Universal also signed on four of Warner Brothers' Dead End Kids to star in three serials. Although Bela Lugosi started working for Universal, his frustration at the greater celebrity of Boris Karloff made him act in several independent serials, but only one for Universal.
Science fiction and fantasy
During the 1930s and 1940s, many famous serials turned to science fiction and fantasy for their stories. Buster Crabbe made a name for himself by starring in several science fiction serials, including Flash Gordon and Buck Rogers in the 25th Century. Popular comic books and radio programs of the 1940s were the basis of several serials; famous superheroes to appear in serials included Superman, Batman, Captain Marvel, Captain America, and the Green Hornet.
Radio & television
With the advent of television and the decline of the moviegoing audience, production of serials ceased due to the decreasing audience (and revenues). But the serial lived on, moving instead to the small screen and the world of TV reruns.
The serial format as we know today actually originated in radio, in the form of 15-minute programs known as soap operas (so-called because many of these shows were sponsored by soap companies, such as Colgate-Palmolive and Procter & Gamble). One of the shows that helped pioneer the daytime serial was The Guiding Light, which debuted on NBC radio in 1937, and is still airing today on CBS Television (where "Guiding Light" has been since 1952). Some of the characters in serials have been portrayed as long-suffering (a common theme even in some of today's serials along with the social and economical issues of the day).
Guiding Light and such other daytime serials such as As the World Turns (premiered in 1956), General Hospital (premiered in 1963), Days of Our Lives (premiered in 1965), One Life to Live (premiered in 1968), All My Children (premiered in 1970), and The Young and the Restless (premiered in 1973) were popular in the Golden and Silver Ages of television, and still are today.
Aside from the social issues, the style and presentation of these shows have changed. Whereas in the 1950s and 1960s the drama was underscored with traditional organ music, and in the 1970s and the 1980s a full orchestra provided the score, the daytime dramas of today use cutting-edged synth-driven music (in a way, music for soaps has come full-circle, from the keyboard to the keyboard).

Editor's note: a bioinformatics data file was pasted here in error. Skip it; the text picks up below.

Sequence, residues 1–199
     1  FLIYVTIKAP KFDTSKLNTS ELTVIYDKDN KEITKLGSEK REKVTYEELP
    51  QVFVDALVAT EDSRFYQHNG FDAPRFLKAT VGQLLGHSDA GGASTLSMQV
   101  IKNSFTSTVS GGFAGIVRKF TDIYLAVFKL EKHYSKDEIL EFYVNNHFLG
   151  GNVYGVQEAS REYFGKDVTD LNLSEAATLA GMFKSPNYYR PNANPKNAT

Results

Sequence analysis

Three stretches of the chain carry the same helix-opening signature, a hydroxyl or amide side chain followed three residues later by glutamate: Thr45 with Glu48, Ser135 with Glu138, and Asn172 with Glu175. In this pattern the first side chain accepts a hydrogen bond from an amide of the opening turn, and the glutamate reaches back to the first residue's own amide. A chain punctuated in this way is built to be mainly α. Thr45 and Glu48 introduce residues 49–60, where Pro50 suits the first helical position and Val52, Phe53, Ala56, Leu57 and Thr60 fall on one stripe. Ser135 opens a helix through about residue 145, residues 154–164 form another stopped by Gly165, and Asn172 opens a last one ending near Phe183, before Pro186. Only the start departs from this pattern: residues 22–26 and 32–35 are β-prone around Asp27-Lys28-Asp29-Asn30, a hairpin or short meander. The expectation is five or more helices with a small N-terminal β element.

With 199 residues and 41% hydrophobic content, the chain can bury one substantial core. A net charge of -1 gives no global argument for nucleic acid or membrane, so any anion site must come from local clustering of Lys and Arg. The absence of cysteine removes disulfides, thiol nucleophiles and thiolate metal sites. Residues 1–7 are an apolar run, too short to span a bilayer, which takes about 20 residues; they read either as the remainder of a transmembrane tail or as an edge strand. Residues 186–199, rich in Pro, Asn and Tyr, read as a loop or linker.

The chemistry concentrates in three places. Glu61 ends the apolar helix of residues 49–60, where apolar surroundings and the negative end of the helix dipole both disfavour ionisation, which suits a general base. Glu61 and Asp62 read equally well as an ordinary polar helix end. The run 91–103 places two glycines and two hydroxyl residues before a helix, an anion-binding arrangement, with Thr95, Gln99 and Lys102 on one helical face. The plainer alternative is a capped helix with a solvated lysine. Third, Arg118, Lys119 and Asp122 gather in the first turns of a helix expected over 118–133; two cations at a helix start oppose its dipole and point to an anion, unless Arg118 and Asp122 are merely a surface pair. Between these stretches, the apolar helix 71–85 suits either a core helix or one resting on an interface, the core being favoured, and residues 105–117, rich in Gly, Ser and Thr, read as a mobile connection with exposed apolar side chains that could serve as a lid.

The nighttime serials are a different story, though the concept is also nothing new. In the 1960s, ABC aired the first real breakthrough nighttime serial, Peyton Place, inspired by the novel and theatrical film of the same name. After its cancellation, the format went somewhat dormant until the mid-1970s when ABC themselves brought it back with, of all things, a comedy soap (aptly called Soap). Although the show was controversial for its time (with a homosexual character among its cast roster), it was (and still is today) a cult classic.
The era of "primetime soaps" (as they are often called) really began to reach its peak when CBS began to air Dallas (which propelled Larry Hagman to stardom) in 1978. It was with this show that defined the end-of-season cliffhanger (with its "Who Shot J.R.?" and "Bobby In The Shower?" storylines) that is still utilized in today's series (whether it is a serial or not).
In the 1980s, you could find other nighttime soaps as Dynasty (ABC's answer to "Dallas"), Knots Landing, The Yellow Rose, and Falcon Crest. There were some serial shows such as Hill Street Blues and St. Elsewhere that did not officially fit into this category, but were nonetheless ratings hits season after season. As the 1990s came to a close, the primetime soap as an official format slowly passed into the sunset.
But the primetime serial constructure can still be seen today in such shows as E.R., The West Wing, 24 and Alias. The term "serial" has become outdated, however, and viewers now speak in terms of these shows making use of "story arcs." In addition, it has been noted that the use of cliffhangers is still prevalent in adventure shows, its just that they are now typically used just before a commercial break and the viewer need only wait a few minutes to see its resolution. In addition, 24 and Alias, as well as other series such as Star Trek: Enterprise have also extensively made use of the traditional end-of-episode cliffhanger format. This often applies to their season finales which often end in a cliffhanger that would only be resolved in the next season's premiere.
In British television, the term 'serial' is usually used to cover what American audiences would more commonly call a 'miniseries'. Many British television serials tend to be high-profile dramas, either costume drama such as Pride and Prejudice (BBC ONE, 1995) or contemporary social drama such as Our Friends in the North (BBC TWO, 1996). In addition, Doctor Who's stories have a limited serial format with the typical episode running around four parts, though some stories like "The Dalek Master Plan" ran as long as twelve. However, the revived series has abandoned the format for standard self contained episodes with some two parters along with an overall plot arc .